Given what is known about the impact of spoken language on academic success, schools should regularly monitor progress in spoken language in order to ensure pupils are reaching language milestones as expected and identify when further support is needed. There are several tools for monitoring spoken language available including:
Where children have received targeted or specialist support for their speech, language and communication needs (SLCN) these tools can also be used to measure the impact of the support being provided.
Some programmes offering support for children with delayed language include Tracker tools, allowing schools to monitor the impact of the programme and identify students requiring further support.
How schools can effectively monitor progress in spoken language
How could schools most effectively monitor progress in spoken language, given the lack of statutory requirement?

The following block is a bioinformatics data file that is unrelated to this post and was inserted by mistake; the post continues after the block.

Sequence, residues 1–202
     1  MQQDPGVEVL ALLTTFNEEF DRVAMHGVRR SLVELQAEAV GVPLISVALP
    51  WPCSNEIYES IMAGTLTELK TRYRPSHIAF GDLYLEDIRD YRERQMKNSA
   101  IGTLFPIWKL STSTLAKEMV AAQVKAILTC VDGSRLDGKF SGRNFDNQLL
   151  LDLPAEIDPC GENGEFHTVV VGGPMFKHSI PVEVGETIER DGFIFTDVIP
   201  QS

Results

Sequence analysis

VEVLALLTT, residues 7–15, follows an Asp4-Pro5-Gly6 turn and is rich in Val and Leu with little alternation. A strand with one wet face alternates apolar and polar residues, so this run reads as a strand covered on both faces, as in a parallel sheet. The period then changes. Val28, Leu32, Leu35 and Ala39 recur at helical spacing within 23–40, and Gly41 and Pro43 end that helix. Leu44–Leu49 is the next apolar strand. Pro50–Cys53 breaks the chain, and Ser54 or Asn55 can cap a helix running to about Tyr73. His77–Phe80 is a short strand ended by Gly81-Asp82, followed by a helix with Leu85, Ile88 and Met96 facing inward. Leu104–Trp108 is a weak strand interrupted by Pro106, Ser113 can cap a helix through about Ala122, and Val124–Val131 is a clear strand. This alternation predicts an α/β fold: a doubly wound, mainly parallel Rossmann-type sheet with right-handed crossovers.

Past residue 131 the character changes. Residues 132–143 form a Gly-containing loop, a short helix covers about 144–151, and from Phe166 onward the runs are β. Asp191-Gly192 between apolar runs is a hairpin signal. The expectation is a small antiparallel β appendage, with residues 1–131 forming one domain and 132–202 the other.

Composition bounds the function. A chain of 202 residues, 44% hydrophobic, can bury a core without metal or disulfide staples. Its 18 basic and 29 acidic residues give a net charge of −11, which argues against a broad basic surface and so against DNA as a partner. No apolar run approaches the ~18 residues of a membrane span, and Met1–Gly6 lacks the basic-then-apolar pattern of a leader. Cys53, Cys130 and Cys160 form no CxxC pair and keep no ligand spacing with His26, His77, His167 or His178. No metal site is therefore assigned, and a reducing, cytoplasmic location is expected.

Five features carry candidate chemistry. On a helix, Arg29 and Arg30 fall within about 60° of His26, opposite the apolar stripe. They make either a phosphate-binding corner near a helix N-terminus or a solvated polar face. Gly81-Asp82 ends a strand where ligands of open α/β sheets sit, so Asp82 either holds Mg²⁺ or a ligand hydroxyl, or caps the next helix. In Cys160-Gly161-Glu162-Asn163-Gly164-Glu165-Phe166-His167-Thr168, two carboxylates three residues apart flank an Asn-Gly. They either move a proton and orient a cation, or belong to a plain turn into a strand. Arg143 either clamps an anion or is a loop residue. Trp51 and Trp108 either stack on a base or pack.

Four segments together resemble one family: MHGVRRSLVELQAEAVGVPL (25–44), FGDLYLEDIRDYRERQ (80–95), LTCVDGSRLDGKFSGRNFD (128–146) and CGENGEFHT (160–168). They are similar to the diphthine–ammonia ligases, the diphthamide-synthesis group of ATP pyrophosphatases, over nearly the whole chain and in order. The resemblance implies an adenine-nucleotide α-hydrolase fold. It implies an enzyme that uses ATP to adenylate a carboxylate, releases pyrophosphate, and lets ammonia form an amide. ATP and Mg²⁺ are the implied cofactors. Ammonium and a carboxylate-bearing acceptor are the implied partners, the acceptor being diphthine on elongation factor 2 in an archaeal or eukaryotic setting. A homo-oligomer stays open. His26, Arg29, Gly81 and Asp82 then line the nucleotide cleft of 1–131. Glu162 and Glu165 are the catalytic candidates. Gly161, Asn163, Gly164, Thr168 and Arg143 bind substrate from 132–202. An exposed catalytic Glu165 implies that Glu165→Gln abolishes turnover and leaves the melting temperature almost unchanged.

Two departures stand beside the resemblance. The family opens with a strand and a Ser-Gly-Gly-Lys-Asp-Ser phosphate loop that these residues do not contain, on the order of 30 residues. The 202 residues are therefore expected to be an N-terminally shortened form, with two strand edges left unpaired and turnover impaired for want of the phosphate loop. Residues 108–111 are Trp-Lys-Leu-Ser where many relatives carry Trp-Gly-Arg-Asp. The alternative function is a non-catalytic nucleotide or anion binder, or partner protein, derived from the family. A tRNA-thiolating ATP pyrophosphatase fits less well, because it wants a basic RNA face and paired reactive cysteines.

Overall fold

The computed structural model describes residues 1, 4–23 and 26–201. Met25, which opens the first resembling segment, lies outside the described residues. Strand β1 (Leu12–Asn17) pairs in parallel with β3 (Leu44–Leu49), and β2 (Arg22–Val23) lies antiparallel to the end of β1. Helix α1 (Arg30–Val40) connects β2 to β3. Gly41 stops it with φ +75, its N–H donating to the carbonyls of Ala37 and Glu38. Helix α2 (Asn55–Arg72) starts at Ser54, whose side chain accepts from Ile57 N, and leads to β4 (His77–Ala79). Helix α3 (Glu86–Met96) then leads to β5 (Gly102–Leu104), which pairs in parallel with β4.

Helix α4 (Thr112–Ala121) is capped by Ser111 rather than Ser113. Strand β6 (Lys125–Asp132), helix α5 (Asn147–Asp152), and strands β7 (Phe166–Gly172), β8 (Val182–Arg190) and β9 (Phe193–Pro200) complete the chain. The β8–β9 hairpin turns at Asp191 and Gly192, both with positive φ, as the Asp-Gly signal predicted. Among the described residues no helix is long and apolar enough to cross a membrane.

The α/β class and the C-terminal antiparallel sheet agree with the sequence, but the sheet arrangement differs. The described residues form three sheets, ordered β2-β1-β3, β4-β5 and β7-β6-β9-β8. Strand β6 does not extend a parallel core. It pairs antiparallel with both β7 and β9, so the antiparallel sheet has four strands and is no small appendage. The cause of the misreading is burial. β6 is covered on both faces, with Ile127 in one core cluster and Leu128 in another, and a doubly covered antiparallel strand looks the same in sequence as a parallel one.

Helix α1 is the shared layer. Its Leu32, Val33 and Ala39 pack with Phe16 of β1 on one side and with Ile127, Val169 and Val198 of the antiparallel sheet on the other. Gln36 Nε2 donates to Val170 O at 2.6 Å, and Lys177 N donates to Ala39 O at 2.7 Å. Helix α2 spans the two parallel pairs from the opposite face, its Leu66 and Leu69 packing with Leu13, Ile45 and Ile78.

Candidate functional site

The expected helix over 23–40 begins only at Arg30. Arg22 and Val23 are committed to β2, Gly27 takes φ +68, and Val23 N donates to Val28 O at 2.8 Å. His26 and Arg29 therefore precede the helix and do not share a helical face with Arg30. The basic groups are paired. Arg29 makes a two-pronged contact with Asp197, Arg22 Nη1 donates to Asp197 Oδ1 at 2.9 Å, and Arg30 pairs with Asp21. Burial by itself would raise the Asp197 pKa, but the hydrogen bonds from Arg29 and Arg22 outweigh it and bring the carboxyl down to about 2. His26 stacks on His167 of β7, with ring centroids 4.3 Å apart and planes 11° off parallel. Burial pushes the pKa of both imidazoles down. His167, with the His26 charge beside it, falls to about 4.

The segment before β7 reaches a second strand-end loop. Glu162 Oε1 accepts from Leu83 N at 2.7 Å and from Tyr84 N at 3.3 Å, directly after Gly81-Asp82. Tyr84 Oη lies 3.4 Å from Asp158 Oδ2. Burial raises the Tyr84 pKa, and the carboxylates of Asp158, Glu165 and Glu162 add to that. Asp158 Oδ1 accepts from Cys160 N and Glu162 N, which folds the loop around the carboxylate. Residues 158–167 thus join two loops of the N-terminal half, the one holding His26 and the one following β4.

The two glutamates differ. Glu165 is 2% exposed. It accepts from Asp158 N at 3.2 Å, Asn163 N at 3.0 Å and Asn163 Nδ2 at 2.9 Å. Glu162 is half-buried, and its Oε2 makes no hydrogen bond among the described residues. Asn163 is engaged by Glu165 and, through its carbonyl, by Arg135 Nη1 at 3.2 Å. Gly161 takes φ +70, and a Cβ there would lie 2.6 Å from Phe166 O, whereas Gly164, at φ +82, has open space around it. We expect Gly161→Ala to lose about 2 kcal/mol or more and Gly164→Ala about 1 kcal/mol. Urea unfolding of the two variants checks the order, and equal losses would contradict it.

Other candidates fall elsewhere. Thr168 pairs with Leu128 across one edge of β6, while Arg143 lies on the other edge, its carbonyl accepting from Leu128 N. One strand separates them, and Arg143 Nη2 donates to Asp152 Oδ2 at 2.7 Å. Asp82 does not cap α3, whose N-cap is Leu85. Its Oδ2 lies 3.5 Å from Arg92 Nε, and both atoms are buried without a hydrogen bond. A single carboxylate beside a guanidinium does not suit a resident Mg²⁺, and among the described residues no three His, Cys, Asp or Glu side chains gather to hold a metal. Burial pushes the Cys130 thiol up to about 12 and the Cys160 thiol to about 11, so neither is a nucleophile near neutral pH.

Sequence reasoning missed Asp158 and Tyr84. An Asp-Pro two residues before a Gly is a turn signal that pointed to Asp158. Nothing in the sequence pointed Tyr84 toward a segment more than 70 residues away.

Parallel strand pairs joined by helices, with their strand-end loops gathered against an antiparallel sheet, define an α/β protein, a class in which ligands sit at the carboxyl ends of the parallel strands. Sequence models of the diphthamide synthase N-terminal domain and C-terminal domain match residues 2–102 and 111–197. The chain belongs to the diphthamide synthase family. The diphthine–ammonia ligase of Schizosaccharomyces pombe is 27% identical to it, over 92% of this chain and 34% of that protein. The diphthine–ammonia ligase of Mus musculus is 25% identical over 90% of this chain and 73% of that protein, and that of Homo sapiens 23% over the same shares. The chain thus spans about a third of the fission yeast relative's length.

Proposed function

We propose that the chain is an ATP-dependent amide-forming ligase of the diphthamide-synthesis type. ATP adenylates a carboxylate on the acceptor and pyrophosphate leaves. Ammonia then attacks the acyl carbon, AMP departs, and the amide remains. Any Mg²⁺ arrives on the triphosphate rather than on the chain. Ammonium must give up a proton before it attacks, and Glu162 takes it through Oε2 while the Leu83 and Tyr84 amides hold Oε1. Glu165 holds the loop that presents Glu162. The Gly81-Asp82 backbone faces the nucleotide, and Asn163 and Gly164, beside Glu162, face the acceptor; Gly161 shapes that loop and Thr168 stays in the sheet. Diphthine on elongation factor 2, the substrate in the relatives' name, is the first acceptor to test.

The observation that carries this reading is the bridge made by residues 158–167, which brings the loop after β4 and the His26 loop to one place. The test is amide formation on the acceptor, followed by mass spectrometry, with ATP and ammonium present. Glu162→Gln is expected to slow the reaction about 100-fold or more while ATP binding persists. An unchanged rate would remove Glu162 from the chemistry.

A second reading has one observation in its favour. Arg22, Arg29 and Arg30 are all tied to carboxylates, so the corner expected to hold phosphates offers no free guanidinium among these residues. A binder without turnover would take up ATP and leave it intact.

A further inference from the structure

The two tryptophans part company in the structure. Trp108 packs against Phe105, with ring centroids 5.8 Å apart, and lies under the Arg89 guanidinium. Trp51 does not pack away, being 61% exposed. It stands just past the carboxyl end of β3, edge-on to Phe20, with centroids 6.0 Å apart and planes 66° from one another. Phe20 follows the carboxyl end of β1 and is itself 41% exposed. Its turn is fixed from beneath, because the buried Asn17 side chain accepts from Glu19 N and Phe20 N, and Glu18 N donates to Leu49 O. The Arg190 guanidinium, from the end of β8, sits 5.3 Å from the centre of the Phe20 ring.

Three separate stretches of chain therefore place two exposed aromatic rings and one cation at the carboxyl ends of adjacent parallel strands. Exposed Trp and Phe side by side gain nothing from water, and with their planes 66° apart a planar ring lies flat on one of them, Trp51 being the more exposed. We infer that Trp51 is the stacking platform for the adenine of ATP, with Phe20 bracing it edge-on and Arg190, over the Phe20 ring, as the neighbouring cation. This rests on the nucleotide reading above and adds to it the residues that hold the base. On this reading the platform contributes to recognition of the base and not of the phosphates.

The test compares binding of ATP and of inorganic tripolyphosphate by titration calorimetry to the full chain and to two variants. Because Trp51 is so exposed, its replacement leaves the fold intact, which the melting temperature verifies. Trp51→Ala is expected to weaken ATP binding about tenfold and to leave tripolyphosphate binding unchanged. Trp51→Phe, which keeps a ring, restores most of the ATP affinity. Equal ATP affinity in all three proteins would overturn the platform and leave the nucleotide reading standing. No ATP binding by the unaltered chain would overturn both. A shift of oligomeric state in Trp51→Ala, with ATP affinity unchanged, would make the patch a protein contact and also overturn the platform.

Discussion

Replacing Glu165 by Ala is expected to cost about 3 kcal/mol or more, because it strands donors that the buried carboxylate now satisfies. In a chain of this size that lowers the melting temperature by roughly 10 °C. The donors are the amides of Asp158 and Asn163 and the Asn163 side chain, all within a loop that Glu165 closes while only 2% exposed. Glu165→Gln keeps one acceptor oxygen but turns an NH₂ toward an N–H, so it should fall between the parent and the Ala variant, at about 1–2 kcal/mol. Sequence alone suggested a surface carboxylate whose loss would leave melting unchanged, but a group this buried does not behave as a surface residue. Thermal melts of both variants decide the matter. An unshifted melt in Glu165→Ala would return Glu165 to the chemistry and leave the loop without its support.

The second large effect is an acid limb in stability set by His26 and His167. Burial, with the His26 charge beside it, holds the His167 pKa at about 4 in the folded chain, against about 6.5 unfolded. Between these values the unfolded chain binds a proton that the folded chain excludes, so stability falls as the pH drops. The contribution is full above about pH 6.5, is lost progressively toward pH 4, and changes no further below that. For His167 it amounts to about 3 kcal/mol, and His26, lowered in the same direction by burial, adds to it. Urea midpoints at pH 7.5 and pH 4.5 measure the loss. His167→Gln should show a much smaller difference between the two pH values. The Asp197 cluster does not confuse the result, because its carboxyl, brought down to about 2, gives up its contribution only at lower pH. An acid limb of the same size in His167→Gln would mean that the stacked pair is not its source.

This factsheet shared as part of the No Pens Day Wednesday campaign has some helpful ideas. Also, take some time to explore the examples of tools for monitoring spoken language listed above.
Many children with speech, language and communication needs do not have their needs accurately identified, or they are identified late. Questions schools should ask themselves include:
Consequently, schools need to make support for spoken language a priority themselves. Questions for schools to ask include:
Teachers recognise the importance of children’s language but feel under-conﬁdent in teaching and assessing children’s speech, language and communication, and in identifying and supporting those with SLCN. In a recent survey 59% of respondents reported having little or no initial training in identifying and supporting children with SLCN. Questions schools should ask include:
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